I suppose being BMG these will be in tedious slimline jewel cases (yawn!). Other than that I am looking forward to these very much.

    • Ian Gilchrist says:

      A few more details from the co-producer of these releases:

      – 28 page booklets in all 3 2 CD deluxe expanded editions, featuring new liner notes and previously unpublished photos and memorabilia from the Associates’ collections and the collections of fans
      – CDs are packaged in 3 pocket (no ugly plastic hub trays! No jewel cases!) digis
      – Original LPs (housed on CD 1) of The Affectionate Punch and Sulk are re-mastered from 1/4″ tape (as is the Sulk vinyl, of course)

  5. jan burnett says:

    nice to see, and I know a couple of labels that have been aiming to do a box. Alan once told me the Affectionate Punch masters were “lost forever”, so they’ve either found them or are using a second generation.

  6. Rob Wilcock says:

    Hasn’t the original album version of Club Country never been rekeassed on CD?

  7. Andy says:

    Another rehash with the token handful of unreleased tracks salvaged from the bin. Need to see a deluxe of Perhaps, not enough here to justify albums that have already been covered.

  8. chris says:

    Although i do own almost everything fron the Associates discography, i really have to yell yes, yes, yes. Billy MacKenzie’s voice is equivalent to elizabeth fraser’s voice (for a man I mean). The Moon Is On Ice…

  9. William says:

    I hope the remaster of Sulk is better than the 2000 version. The sound on that is quite harsh although I’m not sure if that’s to be expected from synths and jangly guitars. However the songs shine through so if consensus is that it is a better remaster then I will certainly purchase again. And £6.99 for a 2CD compilation is a snip so maybe I’ll make my judgement from that.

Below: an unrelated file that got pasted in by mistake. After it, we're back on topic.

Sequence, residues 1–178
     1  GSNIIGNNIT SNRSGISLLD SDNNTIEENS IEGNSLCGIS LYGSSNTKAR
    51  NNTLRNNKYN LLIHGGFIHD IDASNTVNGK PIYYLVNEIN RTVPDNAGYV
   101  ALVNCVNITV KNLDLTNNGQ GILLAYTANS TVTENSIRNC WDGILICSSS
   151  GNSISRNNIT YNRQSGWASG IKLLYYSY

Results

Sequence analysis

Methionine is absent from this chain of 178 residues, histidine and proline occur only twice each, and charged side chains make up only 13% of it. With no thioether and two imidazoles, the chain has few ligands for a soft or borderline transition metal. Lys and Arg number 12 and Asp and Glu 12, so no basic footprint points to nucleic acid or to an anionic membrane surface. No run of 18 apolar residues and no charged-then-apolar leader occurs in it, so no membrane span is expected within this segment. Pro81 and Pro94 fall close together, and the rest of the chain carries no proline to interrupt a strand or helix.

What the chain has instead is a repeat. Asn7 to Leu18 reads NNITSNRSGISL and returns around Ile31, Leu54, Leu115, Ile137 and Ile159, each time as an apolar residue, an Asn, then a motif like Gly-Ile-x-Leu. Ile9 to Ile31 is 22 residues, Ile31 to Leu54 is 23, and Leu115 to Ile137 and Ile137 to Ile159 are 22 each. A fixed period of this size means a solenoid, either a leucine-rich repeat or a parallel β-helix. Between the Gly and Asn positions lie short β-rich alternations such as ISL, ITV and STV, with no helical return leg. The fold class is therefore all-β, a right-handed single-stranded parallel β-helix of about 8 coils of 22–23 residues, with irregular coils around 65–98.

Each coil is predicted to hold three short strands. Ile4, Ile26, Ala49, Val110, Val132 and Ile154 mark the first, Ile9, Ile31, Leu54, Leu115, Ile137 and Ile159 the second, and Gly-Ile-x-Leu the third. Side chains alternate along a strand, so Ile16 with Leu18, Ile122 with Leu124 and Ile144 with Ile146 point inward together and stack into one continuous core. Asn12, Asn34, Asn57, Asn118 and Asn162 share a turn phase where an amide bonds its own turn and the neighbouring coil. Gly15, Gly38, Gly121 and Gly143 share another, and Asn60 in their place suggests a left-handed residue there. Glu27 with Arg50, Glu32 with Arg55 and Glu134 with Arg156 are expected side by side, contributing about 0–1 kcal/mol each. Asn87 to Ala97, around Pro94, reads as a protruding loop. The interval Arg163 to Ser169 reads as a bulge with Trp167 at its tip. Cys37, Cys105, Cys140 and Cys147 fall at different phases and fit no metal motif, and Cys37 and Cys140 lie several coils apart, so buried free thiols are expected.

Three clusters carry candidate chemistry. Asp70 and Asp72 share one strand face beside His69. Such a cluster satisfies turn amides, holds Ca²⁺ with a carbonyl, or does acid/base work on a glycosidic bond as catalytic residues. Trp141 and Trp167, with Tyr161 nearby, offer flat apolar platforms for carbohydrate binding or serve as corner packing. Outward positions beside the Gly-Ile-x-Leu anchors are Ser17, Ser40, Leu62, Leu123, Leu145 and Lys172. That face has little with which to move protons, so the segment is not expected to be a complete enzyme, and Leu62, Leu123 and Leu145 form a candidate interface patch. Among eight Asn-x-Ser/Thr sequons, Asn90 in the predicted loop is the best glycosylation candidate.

• balles says:

      Well, the 2000 V2 Cd was also remastered by Michael Dempsey

      Are there any differences for the new ones remastered by the same Michael Dempsey?

      Lost of the additional tracks on the 3 reissues came from de Double Hipness.
      Re-issue, re-package???

  10. Iain says:

    Double Hipness was previously released on the, em, Double Hipness 2 CD (2000)…

  11. EW99 says:

    Looks promising but I wonder if we have the original LP version of Club Country on Sulk and the full length version of Straw Towels on the second Fourth Drawer Down CD? Those would be the clinchers for me.

    And is that the 12″ version of It’s Better This Way? That would be nice.

  12. Steve F says:

    Has/will the 12″ mix of Those First Impressions ever appear(ed) on CD? From the post-Rankine album so probably not in these releases, but I have the 12″ single and it’s great.

    • Trash says:

      I would love to see a deluxe version of Perhaps as the cassette I used to own had great extended and instrumental versions of the tracks.
      The 12″s of Waiting for the Loveboat and Those First Impressions are both phenomenal..

    • Rockdirector says: